Due to the vastness of the continent and the variety of fashion stories to be told (over 20 countries, from Morocco to South Africa), the objective of the exhibition is to return to the watcher the whole, rich and vivid complexity of the pan-African fashion scene. What truly connects the various designers across the different historical periods and geographical areas? What is the revelation of this kaleidoscopic journey into a creative body, the African fashion, often misconceived?

The belonging: this is the big response that this joyful path is giving back to the visitor, belonging to the community, belonging to the roots, and overall belonging to the silent, but bewildering soul of Mother Earth. 

The exhibition is conceived on more than one layer at the very heart of the V&A Fashion & Costume gallery; the thread is mainly historical, spanning – through textiles, photographs, music, and visual arts- the iconic work of the vanguards (designers and fashion photographers) in the twentieth century and the creatives at the heart of the today eclectic and cosmopolitan scene 

It starts with the African independence and liberation years from the mid-late 1950s – 1994 that sparked a radical political and social reordering across the continent, the African Cultural Renaissance section looks at the long period of unbounded creativity. The collection of fashion, music, the visual arts, protest posters, publications and records, show us objects that embody this era of radical change.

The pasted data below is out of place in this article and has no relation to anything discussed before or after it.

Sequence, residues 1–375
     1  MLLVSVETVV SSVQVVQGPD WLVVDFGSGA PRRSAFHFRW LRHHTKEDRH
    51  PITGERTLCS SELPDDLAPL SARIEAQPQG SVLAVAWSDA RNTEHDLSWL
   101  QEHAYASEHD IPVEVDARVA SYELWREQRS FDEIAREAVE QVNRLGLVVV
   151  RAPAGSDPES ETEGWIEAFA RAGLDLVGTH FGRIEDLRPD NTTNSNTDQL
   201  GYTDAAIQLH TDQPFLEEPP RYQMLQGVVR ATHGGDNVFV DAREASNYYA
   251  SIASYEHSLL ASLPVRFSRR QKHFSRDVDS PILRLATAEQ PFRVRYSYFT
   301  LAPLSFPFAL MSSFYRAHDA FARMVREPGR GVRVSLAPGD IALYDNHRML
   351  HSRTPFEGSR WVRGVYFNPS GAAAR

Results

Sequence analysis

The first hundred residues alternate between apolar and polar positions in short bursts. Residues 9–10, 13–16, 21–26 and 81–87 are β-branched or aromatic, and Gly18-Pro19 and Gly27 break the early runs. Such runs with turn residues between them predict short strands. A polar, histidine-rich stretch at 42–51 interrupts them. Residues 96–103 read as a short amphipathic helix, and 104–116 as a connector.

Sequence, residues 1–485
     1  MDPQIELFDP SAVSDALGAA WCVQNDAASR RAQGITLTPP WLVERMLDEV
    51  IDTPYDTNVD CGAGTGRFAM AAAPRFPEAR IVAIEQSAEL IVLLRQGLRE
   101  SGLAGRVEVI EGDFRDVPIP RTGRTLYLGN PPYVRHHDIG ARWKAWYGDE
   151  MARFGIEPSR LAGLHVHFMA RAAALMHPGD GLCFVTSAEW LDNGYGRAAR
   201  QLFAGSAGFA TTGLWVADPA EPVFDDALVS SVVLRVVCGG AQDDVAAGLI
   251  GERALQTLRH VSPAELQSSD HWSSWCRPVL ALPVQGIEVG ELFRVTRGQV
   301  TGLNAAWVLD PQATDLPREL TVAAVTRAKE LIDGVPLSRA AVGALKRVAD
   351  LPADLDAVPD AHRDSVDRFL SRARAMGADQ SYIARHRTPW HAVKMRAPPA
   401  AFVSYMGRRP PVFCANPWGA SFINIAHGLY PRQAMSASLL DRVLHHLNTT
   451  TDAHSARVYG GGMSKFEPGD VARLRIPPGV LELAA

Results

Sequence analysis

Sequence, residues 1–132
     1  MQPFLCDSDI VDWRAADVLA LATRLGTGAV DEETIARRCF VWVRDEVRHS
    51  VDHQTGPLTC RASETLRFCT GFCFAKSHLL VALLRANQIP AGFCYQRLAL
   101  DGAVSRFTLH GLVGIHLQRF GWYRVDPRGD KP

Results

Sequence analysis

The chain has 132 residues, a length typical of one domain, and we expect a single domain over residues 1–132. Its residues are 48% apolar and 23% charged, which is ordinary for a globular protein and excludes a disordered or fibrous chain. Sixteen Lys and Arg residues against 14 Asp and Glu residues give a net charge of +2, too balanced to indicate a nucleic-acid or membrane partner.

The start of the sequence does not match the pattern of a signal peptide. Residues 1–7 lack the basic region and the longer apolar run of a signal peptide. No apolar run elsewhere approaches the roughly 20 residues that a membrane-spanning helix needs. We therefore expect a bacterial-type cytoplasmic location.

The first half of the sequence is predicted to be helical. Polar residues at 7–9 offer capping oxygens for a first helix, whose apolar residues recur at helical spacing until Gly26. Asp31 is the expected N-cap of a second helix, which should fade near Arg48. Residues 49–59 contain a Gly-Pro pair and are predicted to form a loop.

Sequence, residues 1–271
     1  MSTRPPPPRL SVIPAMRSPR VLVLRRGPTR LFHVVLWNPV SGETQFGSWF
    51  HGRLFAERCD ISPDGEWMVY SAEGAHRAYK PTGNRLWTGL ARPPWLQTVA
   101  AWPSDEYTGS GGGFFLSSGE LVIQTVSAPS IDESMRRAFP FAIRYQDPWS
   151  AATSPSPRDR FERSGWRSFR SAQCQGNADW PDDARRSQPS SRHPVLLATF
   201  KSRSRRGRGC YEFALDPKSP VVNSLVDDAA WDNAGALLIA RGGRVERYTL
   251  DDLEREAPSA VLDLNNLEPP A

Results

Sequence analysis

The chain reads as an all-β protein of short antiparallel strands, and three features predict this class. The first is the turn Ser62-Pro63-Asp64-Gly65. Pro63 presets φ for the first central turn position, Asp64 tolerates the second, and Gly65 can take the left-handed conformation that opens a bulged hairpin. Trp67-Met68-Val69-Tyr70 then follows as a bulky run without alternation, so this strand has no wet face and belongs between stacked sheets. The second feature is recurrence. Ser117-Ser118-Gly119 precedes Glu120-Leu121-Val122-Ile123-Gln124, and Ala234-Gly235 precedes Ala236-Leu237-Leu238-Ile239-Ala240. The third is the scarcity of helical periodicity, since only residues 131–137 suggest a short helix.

We see the Ghanaian prime minister Kwame Nkrumah wearing a traditional kente cloth as he announces his country’s independence from British rule in 1957, and watch as Nelson Mandela rocks his signature look, the casual Madiba shirt that made him feel connected to his people.

Walking through the Politics and Poetics of Cloth section, we can appreciate the importance of cloth in many African countries and how the making and wearing indigenous garments in the moment of independence became a strategic political act.

Capturing Change is focused on the portrait photography of the mid-late 20th century, capturing the mood of nations on the brink of self-rule. The euphoria of decolonization coincides with the democratization of photography which was made possible through cheaper film and lighter-weight cameras. Shots document the modernity, cosmopolitanism, and fashion consciousness of individuals, whilst portraits taken in studios and domestic spaces became affirmations of agency and self-representation – visibly taking pride in being Black and African.